How to Open a Bank Account for a Nonprofit Association

By Jane Haskins, Esq.

How to Open a Bank Account for a Nonprofit Association

By Jane Haskins, Esq.

A nonprofit association is an informal charitable group, usually organized for a short-term purpose. Your state's laws may require a nonprofit association to register with the state. You will also need a federal tax ID number in order to open a bank account.

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Nonprofit associations can work well when you have a short-term goal, such as raising money for a community event. But if you have a longer-term charitable purpose, it may make more sense to create a nonprofit corporation instead.

What is a nonprofit association?

Most large nonprofits are organized as corporations. But community groups come together all the time to raise money for a cause, without ever forming a formal business organization. These groups are known as nonprofit associations, and their rights and responsibilities can vary, depending on the state where they're located.

For example, your state's laws may require an association to register with the Secretary of State or to maintain a registered agent to receive official correspondence in the association's name. You can find the state requirements for nonprofit associations in the nonprofit section of the website of the state agency responsible for business filings.

What are the advantages and disadvantages of a nonprofit association?

The informality of a nonprofit association makes it ideal for short-term projects involving relatively small amounts of money. Under Internal Revenue Service guidelines, a nonprofit association with less than $5,000 in annual revenues is automatically tax-exempt, without having to meet the strict qualifications for tax-exempt status.

However, if your nonprofit has a larger, longer-term charitable purpose, there are advantages to forming a nonprofit corporation. Although a nonprofit association may be able to conduct business and own assets, its members can be held fully liable if the nonprofit is sued or is unable to pay its debts. This can make it harder to attract people to serve in leadership roles in the organization.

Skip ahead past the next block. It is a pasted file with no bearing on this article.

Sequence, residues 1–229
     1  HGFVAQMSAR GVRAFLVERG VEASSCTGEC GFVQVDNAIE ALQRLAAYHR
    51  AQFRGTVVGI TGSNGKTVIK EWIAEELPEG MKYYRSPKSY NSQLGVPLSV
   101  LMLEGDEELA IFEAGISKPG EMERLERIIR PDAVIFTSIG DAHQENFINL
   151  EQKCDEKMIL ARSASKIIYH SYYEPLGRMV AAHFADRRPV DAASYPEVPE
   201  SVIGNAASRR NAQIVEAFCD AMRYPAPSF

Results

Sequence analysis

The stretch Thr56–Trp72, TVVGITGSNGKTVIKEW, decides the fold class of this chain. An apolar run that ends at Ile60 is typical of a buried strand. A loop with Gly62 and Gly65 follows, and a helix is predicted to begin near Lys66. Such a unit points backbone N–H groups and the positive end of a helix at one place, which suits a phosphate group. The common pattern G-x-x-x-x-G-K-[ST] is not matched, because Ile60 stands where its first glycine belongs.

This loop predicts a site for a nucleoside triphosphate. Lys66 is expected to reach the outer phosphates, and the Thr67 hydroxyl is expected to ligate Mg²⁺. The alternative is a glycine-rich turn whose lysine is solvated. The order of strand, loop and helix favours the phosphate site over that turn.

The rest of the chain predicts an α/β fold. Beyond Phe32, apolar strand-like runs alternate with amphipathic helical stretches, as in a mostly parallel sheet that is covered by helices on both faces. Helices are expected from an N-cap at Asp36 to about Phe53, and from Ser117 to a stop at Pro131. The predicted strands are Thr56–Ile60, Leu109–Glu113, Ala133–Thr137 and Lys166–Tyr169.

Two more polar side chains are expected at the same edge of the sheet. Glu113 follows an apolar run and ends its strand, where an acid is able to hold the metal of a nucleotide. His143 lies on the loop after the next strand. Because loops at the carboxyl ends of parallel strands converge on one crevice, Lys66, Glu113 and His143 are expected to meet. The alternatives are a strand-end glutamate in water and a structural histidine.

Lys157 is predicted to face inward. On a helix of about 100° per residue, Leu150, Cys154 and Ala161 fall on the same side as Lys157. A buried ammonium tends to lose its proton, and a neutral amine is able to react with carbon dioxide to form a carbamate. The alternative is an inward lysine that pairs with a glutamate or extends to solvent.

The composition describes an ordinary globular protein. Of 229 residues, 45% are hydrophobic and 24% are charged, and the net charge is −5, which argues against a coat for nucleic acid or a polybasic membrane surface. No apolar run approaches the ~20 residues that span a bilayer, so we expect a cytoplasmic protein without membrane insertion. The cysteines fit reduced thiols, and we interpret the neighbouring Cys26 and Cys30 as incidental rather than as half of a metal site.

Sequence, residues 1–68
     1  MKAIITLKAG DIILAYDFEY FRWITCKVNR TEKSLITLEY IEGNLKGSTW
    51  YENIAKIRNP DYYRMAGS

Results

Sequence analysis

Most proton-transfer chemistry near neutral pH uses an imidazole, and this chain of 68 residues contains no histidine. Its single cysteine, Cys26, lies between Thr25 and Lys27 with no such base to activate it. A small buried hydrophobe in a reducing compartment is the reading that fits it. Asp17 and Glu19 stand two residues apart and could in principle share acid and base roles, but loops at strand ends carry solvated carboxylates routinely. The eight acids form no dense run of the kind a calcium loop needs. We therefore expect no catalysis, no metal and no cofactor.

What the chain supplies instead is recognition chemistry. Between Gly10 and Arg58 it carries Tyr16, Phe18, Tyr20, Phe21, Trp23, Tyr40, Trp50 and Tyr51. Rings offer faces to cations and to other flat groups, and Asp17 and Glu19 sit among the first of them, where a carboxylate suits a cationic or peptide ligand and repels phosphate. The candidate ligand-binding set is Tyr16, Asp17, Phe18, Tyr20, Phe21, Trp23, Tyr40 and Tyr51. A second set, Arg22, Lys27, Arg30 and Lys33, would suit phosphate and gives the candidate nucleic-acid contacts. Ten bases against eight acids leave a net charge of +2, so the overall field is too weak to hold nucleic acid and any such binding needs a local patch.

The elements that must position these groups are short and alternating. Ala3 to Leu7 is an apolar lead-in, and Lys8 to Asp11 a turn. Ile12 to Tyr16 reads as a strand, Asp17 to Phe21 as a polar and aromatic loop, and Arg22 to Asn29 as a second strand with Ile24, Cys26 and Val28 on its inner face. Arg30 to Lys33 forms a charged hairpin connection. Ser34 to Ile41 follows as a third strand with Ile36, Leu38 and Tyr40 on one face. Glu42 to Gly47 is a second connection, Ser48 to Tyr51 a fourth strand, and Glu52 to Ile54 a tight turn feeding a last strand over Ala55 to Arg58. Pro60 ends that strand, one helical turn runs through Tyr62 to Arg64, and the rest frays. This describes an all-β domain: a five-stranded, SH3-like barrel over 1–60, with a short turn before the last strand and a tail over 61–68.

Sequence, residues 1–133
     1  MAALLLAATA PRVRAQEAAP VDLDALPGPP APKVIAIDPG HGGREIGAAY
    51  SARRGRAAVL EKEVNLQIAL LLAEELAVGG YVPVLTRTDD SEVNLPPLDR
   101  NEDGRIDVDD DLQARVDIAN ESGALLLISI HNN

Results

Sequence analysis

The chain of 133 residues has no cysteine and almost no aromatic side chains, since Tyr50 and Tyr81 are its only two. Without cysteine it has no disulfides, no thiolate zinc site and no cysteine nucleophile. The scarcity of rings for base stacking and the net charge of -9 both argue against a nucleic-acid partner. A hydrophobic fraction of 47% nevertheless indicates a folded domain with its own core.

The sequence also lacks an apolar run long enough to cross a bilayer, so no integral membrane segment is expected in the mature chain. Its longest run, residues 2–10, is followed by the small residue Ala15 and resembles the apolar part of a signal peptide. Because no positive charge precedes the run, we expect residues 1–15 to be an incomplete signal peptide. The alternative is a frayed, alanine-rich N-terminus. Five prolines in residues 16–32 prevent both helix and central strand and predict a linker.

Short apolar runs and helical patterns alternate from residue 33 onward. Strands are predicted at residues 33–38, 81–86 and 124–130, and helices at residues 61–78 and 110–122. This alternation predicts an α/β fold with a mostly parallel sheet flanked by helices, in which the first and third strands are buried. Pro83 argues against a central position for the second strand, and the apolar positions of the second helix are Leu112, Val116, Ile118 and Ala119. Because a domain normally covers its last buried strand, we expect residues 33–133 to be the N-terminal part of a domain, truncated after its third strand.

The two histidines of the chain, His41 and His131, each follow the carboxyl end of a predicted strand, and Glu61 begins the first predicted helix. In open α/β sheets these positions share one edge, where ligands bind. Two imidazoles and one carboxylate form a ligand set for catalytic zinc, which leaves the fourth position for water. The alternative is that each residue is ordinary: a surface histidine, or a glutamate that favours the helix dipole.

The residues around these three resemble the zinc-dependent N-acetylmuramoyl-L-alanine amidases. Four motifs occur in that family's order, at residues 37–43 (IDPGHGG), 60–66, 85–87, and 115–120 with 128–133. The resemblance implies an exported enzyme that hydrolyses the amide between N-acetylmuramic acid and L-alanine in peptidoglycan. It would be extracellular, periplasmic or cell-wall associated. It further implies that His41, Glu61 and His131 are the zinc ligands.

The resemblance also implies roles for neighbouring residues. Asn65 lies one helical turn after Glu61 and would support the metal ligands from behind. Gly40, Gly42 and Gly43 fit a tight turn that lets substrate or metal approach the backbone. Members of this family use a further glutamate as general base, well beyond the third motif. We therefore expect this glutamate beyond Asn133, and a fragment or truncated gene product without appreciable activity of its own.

In addition, nonprofit associations may have trouble attracting donations if they don't have the credibility that goes with being a corporation. And, when an association brings in more than $5,000 in annual revenue, it will need to apply for tax-exempt status from the IRS. This means it will need a constitution and other governing documents, and at that point it may make more sense to become a nonprofit corporation.

How do I open a nonprofit association bank account?

There are four basic steps to opening a bank account for your nonprofit association:

Step 1: File required paperwork with your state.

If you are forming a nonprofit corporation, you will file articles of incorporation. If you decide to be a nonprofit association instead of forming a corporation, you will not file articles of incorporation, but your state may still require you to file certain documents.

Step 2: Obtain a federal tax ID number.

A federal tax ID number, also known as an employer ID number, or EIN, is the number that will identify your nonprofit with the Internal Revenue Service—similar to your personal Social Security number. You can apply for a tax ID number on the IRS website, or you can hire a service to take care of it for you.

Step 3: Research banks and their requirements.

Different banks may have different policies for nonprofit accounts, so it pays to shop around. Find out what documents you need to bring to the bank to open your account, and who needs to be present to sign signature cards. At a minimum, you will need your certificate of formation (if you formed a corporation) and your tax ID number.

Step 4: Go to the bank and open your account.

Be sure to keep your nonprofit finances separate from your own and to keep good records of all money that comes in or goes out. Setting up a bank account helps you manage your nonprofit association's finances.

Remember that opening a bank account does not guarantee you nonprofit tax status. If you have questions about taxes and your nonprofit, schedule a consultation with an accountant.

This portion of the site is for informational purposes only. The content is not legal advice. The statements and opinions are the expression of author, not LegalZoom, and have not been evaluated by LegalZoom for accuracy, completeness, or changes in the law.